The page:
As we transition to a new President, ESPN’s Public Editor Jim Brady looked at the Worldwide Leader’s changing political landscape. Acknowledging its apolitical past, Brady said if the perception is that ESPN has been taking stands in recent years. And Brady has talked with several staffers who have brought up how the change has taken place:

One is the rise of social media, which has led to more direct political commentary by ESPN employees, even if not delivered via the network’s broadcast or digital pipes. Another is ESPN’s increase in debate-themed shows, which encourage strong opinions that are increasingly focusing on the overlap between sports and politics.

Some of the perception has been due to including awarding reality TV star Caitlyn Jenner in the ESPY’s last year, ESPN’s parent company Disney’s decision to move a golf tournament away from Donald Trump’s golf course and the network’s doling of suspensions over controversial statements.

And conservative employees of ESPN told Brady that their opinions aren’t respected:

“If you’re a Republican or conservative, you feel the need to talk in whispers,” one conservative ESPN employee said. “There’s even a fear of putting Fox News on a TV [in the office].”

But Jemele Hill, co-host of ESPN2’s His & Hers, isn’t buying that. “I would challenge those people who say they feel suppressed,” she said. “Do you fear backlash, or do you fear right and wrong?”

ESPN President John Skipper told Brady he doesn’t feel conservatives are being left out at the company:

“Vigorous debate and opinion are important to us, and no one should be concerned about expressing an opinion as long as it is not personal nor intolerant.”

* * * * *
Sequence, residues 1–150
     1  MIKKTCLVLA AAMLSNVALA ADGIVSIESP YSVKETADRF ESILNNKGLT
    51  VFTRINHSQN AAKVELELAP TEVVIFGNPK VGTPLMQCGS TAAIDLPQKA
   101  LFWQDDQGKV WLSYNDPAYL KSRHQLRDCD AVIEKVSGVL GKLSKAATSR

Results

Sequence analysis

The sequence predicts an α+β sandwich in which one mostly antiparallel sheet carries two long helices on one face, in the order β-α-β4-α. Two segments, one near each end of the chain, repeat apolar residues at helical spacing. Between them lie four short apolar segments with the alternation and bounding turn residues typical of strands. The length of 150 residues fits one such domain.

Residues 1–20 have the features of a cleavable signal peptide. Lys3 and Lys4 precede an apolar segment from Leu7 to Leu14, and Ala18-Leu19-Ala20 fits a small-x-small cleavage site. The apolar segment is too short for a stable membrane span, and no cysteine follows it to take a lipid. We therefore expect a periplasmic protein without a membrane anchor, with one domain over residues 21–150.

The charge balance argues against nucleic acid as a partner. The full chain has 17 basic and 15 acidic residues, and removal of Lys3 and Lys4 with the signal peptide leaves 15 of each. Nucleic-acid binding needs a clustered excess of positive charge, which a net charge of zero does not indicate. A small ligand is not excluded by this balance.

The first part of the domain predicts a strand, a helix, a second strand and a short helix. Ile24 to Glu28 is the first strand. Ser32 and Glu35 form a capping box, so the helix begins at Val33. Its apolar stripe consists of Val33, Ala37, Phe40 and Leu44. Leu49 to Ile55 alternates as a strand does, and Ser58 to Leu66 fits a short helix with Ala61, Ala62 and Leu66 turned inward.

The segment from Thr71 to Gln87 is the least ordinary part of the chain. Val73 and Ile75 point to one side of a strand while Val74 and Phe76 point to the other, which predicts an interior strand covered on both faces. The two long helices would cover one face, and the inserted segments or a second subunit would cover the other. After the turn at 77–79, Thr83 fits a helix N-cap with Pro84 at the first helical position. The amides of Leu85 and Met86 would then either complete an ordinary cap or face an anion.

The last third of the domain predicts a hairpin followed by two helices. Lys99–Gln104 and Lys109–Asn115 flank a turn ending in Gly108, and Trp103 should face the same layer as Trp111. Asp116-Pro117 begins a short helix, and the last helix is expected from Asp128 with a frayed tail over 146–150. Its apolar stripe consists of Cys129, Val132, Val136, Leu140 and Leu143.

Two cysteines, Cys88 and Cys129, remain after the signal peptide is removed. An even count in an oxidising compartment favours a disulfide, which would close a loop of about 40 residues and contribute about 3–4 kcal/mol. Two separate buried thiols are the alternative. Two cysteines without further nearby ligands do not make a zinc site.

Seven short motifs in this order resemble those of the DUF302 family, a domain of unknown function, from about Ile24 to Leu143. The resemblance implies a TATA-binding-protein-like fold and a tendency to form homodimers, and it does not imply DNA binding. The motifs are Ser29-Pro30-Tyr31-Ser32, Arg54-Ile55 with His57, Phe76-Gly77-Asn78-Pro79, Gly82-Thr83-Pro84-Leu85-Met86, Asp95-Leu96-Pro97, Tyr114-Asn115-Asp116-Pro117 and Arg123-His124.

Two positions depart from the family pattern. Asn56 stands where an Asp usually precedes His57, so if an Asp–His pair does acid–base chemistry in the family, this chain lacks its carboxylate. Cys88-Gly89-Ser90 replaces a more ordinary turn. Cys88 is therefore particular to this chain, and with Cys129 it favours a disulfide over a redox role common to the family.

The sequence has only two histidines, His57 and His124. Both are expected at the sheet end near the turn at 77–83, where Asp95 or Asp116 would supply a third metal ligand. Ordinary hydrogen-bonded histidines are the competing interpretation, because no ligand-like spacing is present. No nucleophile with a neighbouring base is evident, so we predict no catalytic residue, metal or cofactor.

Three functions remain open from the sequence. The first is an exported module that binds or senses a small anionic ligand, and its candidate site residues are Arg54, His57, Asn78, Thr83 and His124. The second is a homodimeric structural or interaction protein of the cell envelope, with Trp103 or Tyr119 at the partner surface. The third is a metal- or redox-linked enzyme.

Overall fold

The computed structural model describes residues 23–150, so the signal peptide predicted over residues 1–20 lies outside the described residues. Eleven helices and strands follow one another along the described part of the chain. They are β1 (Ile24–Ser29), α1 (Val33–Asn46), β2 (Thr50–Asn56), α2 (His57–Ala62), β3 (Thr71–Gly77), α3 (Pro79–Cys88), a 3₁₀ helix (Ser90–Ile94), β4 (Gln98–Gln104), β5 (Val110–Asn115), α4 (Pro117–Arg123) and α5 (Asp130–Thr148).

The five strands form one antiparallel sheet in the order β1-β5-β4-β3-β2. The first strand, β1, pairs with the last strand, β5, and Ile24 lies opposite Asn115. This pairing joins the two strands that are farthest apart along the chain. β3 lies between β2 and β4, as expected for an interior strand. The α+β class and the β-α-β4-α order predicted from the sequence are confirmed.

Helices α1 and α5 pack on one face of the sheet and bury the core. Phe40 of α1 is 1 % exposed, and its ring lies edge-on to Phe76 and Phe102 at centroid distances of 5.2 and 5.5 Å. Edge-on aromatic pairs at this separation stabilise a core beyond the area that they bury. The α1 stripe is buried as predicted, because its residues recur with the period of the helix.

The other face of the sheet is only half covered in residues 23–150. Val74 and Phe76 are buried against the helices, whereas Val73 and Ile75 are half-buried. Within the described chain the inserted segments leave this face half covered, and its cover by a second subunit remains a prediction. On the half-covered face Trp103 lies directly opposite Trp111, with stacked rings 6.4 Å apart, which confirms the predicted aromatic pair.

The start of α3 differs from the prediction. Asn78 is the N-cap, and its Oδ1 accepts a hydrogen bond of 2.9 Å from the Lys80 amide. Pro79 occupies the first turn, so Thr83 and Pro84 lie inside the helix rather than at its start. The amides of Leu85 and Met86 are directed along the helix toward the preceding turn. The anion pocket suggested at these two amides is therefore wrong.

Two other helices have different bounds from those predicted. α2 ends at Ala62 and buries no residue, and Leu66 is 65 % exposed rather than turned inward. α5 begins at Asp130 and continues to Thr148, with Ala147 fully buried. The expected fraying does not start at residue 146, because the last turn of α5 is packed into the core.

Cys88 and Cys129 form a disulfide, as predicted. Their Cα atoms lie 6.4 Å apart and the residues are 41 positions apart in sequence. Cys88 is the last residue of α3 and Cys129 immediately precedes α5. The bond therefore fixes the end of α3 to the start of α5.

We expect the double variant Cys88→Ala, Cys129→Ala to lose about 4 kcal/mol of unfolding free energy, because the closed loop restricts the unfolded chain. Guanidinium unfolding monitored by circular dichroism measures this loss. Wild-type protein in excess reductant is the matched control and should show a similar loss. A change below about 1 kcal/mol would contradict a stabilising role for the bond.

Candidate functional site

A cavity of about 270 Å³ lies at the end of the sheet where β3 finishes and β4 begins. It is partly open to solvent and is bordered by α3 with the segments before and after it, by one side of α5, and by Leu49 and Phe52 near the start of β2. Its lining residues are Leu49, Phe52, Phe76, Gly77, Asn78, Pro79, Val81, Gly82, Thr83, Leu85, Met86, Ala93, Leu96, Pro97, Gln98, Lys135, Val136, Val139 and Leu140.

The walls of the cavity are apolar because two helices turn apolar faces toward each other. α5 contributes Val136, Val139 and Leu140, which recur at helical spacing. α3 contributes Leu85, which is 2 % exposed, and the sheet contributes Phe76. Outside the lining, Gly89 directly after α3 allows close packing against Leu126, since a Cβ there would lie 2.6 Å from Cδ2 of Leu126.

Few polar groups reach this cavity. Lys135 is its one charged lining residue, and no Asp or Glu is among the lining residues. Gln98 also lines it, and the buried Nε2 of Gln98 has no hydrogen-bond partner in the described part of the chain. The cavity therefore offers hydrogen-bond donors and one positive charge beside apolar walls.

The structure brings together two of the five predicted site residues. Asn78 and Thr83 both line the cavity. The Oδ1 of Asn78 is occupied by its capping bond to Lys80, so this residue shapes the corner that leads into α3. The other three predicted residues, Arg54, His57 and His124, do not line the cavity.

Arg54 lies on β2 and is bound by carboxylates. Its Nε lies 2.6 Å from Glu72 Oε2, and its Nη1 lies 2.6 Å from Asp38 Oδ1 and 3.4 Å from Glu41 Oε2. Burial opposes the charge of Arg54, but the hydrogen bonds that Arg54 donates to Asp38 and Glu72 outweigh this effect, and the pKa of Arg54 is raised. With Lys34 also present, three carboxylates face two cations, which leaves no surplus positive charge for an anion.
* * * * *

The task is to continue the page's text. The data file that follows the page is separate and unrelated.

Brady also cites that between 2012 and the present day, there were 104 individual political contributions made by ESPN employees to various political causes. He said 80% went to Democratic candidates, committes or PAC’s and 20% went to the GOP.

Brady says as the times are changing, ESPN has to change with it. Part of that is embracing diversity and inclusion. Another is being open to the LGBT community and also welcoming all opinions.

“ESPN is in an uncomfortable position,” Jemele Hill said. “They don’t want to suppress anyone’s beliefs, but some would say, ‘You can say that, but Curt Schilling got fired.’ But the values Curt Schilling was trying to promote didn’t line up with what ESPN wants to be as a company.”

“Tolerance is not a playing-it-down-the-middle issue or a journalism standard,” Skipper said. “It is a cultural imperative at our company. Regarding our reporting and journalism, again, our intent is not to be political but to be fair and accurate.”

Brady suggests that censoring political views is not the answer, but be more open to political discourse and find a balance. We’ll see it it can achieve that in the coming months and years.


About Ken Fang

Ken has been covering the sports media in earnest at his own site, Fang's Bites since May 2007 and at Awful Announcing since March 2013.

He provides a unique perspective having been an award-winning radio news reporter in Providence and having worked in local television.

Fang celebrates the four Boston Red Sox World Championships in the 21st Century, but continues to be a long-suffering Cleveland Browns fan.

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